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Newcastle woman arrested after leaving Bainbridge ferry with suspicious cargo
Bainbridge Island officers arrested a Newcastle woman yesterday after she drove off the ferry in a van with stolen license plates and loaded with what is suspected to be stolen property.
According to a Bainbridge Island police report on the incident, the woman arrived on the island Sunday night on the last sailing from Seattle. The van was filled with piping, construction materials and other metal items.
Although they could not confirm the van's cargo as stolen property, Bainbridge officers were able to arrest the driver for operating the vehicle while having a suspended license and possessing stolen license plates.
Officers Gary Koon and Mo Stich were dispatched in separate vehicles to the ferry terminal after the license plate was found reported as stolen through the Washington State Patrol license reader. Ferry workers told police the vehicle was a white panel van without side windows.
Upon arriving at the terminal, the two officers spotted the van as one of the last vehicles in line, and stopped it on Highway 305 between Vineyard Lane and Winslow Way.
Inside the van was a female driver and male passenger. Both were detained in the separate police vehicles.
When the driver was asked about the van, however, she claimed she did not know the plates were stolen.
She said the van belonged to her passenger, whom she recently met through friends. She added that the two were taking the van's cargo to his property in Port Townsend.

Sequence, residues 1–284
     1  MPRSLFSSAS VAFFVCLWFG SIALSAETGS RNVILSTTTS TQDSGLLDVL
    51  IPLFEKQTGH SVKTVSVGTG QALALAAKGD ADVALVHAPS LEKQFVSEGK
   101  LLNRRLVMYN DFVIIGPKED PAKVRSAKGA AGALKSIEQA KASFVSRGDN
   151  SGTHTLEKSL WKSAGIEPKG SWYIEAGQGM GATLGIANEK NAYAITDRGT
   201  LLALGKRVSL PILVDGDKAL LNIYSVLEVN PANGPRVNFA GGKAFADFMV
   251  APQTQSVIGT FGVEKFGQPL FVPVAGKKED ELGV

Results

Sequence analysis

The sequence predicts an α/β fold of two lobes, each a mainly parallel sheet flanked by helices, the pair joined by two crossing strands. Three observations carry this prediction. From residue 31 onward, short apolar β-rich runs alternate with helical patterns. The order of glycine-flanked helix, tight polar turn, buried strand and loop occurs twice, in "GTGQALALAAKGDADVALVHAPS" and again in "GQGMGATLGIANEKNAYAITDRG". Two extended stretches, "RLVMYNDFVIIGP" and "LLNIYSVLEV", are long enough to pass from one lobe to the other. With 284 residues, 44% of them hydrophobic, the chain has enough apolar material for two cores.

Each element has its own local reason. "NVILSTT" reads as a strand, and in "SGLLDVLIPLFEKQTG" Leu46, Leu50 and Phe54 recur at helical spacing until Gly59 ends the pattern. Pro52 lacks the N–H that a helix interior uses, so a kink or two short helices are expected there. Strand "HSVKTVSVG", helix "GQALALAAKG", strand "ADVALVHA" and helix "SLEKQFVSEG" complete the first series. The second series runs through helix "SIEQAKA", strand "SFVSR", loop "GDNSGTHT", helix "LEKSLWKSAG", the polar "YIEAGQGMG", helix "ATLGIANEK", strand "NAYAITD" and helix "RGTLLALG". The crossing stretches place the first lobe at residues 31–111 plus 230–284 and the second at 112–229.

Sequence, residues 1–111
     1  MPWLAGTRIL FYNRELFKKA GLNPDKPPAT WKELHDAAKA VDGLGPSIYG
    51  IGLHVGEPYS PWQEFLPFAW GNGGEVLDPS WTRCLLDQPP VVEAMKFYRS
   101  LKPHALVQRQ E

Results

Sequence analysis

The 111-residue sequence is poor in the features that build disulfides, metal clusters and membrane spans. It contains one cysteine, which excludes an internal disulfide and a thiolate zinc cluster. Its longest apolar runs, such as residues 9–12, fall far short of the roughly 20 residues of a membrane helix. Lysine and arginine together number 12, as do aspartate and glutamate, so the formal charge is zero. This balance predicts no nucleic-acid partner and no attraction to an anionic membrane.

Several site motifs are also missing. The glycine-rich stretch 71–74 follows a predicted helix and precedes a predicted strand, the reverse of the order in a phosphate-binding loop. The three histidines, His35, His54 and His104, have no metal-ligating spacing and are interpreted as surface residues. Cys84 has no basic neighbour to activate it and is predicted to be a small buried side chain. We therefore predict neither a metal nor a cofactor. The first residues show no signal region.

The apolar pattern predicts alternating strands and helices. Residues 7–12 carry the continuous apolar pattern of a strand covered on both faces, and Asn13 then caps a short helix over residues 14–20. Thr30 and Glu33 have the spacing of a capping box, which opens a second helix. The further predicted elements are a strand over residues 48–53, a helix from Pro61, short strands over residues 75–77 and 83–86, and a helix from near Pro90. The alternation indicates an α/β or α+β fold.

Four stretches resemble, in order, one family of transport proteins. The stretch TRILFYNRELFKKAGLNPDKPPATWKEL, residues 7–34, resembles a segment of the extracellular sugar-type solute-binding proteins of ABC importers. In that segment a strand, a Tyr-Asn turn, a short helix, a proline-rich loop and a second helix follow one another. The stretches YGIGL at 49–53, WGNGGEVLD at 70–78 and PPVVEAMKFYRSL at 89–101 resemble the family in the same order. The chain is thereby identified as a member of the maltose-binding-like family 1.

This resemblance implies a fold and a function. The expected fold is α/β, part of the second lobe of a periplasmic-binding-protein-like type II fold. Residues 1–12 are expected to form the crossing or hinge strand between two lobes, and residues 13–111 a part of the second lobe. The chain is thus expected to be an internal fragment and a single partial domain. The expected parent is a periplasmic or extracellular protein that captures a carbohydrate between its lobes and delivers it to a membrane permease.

As officers continued to question her about the ownership of the van, the driver's answers became more vague. She then said the van belonged to a different woman with the same name from Bonney Lake, but couldn't offer any details.
When officers asked the passenger about the van, he said it belonged to his ex-girlfriend, who worked nights at the 76 station in Bonney Lake. He could not provide a phone number.
Officer Stich then asked the driver about her life. She told the officer she has been unemployed for about three years. She was in a bad relationship and had a 19-year-old daughter. She also allegedly said she was a meth user but hasn't used since she got arrested in early July.
Stich took note of the woman's drug habit, according to the police report, as it is common knowledge in law enforcement that meth users frequently steal copper, metals and equipment with metals for their lucrative resale value.
In plain view, Stich stated in the report that she could see the van had been stuffed with piping, construction materials, metal containers, tools, plumbing fixtures and miscellaneous property she could not identify.
Stich then scanned the woman's name and found she had a suspended license in the third degree for unpaid tickets. As the driver in the incident, she was arrested for the two citations while the passenger was released.
Before the driver was transferred to Lt. Chris Jensen's vehicle to be taken to the Kitsap County Jail, she asked to have her purses from the van.
When Stich picked up the purses, however, she found the first one contained a laptop and birth certificate for another person. The driver said the name on the certificate was her daughter, and she was trying to secure low-income housing. The other purse contained a large brass car part that looked to be an internal part of an engine.
The driver passed it off as unimportant and urged the officer to give the purses to the passenger who was being released.
The purses were instead returned to the van as evidence.
Meanwhile, Officer Koon located the origin of the plates on the van as taken from a Mitsubishi vehicle in Kent.